Last week, I took a look at the quarterbacks who were most likely to break the 3,000-yard mark in the Big Ten in 2012.
As we all know, the 1,000-yard mark has long been the measuring stick for running backs. Getting there is not quite as tough as it used to be. If a team makes a bowl and plays 13 games, a running back only has to average a little less than 77 yards per game to get into quadruple figures. Still, it requires staying healthy at a position where one takes a lot of abuse and getting the opportunity for lots of carries.
The Big Ten has always been known as a run-first league, so it's not a big surprise that six players surpassed 1,000 yards rushing in 2011. Of those, five are back, with only Iowa's Marcus Coker (transferred to Stony Brook) departing.
I won't bore you by listing guys like Wisconsin's Montee Ball, Nebraska's Rex Burkhead, Michigan's Fitz Toussaint and Penn State's Silas Redd, who seem like mortal locks to rush for 1,000 yards assuming they stay healthy. But here's a look at 10 other players who could challenge for 1,000 yards rushing this year, in order of likelihood:
1. Le'Veon Bell, Michigan State: Bell got close last year, rushing for 948 yards despite not taking over full-time carries until midway through the year. He looks primed for a huge year and could be a breakout superstar given his development and an improved Spartans O-line. Count on Bell breaking the 1K mark for the first time in his career.
2. Denard Robinson, Michigan: Interesting case here, as Robinson ran for more than 1,700 yards two years ago and 1,176 yards in 2011. Clearly, Michigan is trying to reduce his carries, and Toussaint's emergence could mean fewer running opportunities for Shoelace. But he's still too special with the ball in his hands, so I say he gets more than 1,000 again, though Robinson could have fewer running yards than last season.
3. MarQueis Gray, Minnesota: The Gophers' quarterback ran for 966 yards last year despite missing some time. He's athletic and huge, making him a nightmare to tackle down the field. Minnesota expects junior-college transfer James Gillum to help in the running game. But with a still-suspect passing attack, I think Gray could get plenty of opportunities to take off and run.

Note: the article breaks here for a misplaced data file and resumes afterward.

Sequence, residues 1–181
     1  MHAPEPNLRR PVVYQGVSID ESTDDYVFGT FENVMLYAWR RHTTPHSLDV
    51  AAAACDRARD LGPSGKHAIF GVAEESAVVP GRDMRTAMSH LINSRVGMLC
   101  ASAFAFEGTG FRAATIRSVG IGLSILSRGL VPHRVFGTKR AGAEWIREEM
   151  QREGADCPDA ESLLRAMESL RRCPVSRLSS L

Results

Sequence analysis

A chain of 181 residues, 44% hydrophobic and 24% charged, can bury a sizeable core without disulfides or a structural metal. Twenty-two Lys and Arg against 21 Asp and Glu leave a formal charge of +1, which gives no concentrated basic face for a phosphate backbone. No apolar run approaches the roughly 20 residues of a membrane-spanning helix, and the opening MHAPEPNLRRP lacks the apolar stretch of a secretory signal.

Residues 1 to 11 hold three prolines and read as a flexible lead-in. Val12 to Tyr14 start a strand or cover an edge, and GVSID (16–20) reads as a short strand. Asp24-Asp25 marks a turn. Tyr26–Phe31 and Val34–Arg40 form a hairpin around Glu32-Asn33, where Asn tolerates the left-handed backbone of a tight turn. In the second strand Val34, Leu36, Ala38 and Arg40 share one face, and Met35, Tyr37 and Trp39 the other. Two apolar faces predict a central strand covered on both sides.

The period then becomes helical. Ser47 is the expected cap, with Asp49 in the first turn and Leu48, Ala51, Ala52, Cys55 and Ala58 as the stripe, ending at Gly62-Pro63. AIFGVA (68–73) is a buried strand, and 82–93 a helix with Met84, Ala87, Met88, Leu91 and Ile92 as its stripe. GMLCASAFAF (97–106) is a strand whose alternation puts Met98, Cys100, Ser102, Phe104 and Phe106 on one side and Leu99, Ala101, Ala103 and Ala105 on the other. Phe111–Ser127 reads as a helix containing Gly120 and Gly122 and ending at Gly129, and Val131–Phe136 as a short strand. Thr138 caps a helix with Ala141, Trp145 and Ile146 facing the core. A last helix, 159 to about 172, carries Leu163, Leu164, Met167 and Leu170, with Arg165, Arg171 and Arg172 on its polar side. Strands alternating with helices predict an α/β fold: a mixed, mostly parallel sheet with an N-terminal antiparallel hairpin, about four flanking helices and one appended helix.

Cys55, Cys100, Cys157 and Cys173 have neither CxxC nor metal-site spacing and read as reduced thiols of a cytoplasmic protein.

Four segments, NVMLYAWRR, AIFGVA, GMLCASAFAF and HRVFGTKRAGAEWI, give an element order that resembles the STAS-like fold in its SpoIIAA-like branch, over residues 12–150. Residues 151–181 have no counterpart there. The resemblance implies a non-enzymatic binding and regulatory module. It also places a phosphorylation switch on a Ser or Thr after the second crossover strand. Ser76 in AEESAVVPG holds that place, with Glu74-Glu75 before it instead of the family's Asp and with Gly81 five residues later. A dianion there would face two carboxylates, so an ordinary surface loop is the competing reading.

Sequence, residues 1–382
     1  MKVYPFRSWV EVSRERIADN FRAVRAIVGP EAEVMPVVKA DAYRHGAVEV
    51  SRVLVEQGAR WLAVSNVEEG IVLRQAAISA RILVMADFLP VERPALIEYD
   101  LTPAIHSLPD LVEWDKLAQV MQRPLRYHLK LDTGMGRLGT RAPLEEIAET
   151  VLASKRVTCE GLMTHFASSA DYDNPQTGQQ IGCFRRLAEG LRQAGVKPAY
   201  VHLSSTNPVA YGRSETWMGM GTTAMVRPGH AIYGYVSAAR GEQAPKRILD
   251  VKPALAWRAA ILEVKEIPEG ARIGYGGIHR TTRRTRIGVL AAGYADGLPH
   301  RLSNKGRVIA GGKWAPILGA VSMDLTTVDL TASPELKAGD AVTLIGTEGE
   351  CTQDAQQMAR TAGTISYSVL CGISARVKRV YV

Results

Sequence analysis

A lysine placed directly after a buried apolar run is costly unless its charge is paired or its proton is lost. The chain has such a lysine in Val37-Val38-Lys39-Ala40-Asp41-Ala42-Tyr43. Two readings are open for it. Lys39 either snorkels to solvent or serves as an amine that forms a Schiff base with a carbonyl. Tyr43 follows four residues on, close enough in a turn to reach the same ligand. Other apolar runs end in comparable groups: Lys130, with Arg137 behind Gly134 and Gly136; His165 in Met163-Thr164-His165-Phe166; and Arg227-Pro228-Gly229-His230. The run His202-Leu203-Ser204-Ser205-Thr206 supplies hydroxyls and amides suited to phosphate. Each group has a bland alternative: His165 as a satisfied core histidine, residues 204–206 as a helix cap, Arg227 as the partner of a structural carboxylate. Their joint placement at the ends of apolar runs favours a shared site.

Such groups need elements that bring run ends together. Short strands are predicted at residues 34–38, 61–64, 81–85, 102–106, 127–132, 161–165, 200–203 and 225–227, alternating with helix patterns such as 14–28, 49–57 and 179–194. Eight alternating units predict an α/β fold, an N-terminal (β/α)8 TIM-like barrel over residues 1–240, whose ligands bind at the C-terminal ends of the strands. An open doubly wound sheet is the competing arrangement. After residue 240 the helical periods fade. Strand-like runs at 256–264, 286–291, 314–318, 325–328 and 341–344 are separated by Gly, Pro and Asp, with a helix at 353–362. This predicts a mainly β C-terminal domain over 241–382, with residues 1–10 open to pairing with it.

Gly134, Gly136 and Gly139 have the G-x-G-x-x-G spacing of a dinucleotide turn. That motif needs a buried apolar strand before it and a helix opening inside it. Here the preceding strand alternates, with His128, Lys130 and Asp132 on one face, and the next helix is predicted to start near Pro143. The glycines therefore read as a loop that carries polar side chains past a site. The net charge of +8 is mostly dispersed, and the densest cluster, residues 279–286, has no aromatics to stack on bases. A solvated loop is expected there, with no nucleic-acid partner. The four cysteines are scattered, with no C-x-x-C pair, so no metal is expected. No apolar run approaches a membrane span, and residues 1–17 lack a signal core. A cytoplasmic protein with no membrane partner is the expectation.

4. Unnamed Iowa back: Coker was a workhorse for the Hawkeyes last year, and the program has all kinds of misfortune at the position, including Jordan Canzeri's torn anterior cruciate ligament this offseason. So who knows who exactly emerges as a go-to tailback for Iowa? Still, coach Kirk Ferentz likes to run the ball, and I believe someone will end up getting a lot of carries this season. If that happens early enough, it might just equal 1,000 yards.
5. Akeem Shavers, Purdue: Shavers is looking like the top running option for the Boilermakers after a big bowl performance and a strong spring. If Ralph Bolden can't come all the way back from yet another knee injury, Shavers is in line to get the bulk of the carries. But the presence of Bolden, Akeem Hunt and others could mean a running-back-by-committee approach that would hurt the chances of any one back getting to 1,000.
6. Stephen Houston, Indiana: Houston piled up 802 rushing yards despite not arriving until the summer and not being used as the primary back right away. He has the talent to put up big stats in Indiana's offense. But the Hoosiers actually have a lot of depth in the backfield, including a mobile quarterback in Tre Roberson, and that could cut into Houston's carries.
7. Braxton Miller, Ohio State: Miller led the Buckeyes in rushing with 715 yards last season even though he wasn't the starter early on. He ran for at least 90 yards in five games and has great moves in the open field. Miller is likely to pass more in coach Urban Meyer's system, but don't be surprised if he is still running it a lot, too.
8. James White, Wisconsin: White is the only running back on this list who already has a 1,000-yard season under his belt -- he ran for 1,052 as a freshman. His numbers dipped to 713 rushing yards last year as Ball went nuts, and he'll remain the second option this year. But Wisconsin runs it so well that multiple 1,000-yard rushers is a possibility, and White is just a Ball injury away from being the guy behind the Thick Red Line.
9. Taylor Martinez, Nebraska: Martinez has flirted with 1,000 before, going for 965 as a freshman and 874 in 2011. He is a dangerous open-field runner. It seems more likely that he'll run the ball less as Nebraska looks to improve its passing game this season. But he's always a threat to take off.
10. Kain Colter, Northwestern: This is our fourth quarterback on the list already, which gives you an idea of how many mobile QBs there are in this league. Colter ran for 654 yards while filling a variety of roles for the Wildcats last season and should be the full-time starting quarterback this season. He's a great athlete. The only question is how much Northwestern will want to keep him in the pocket with a deep receiving corps supporting him.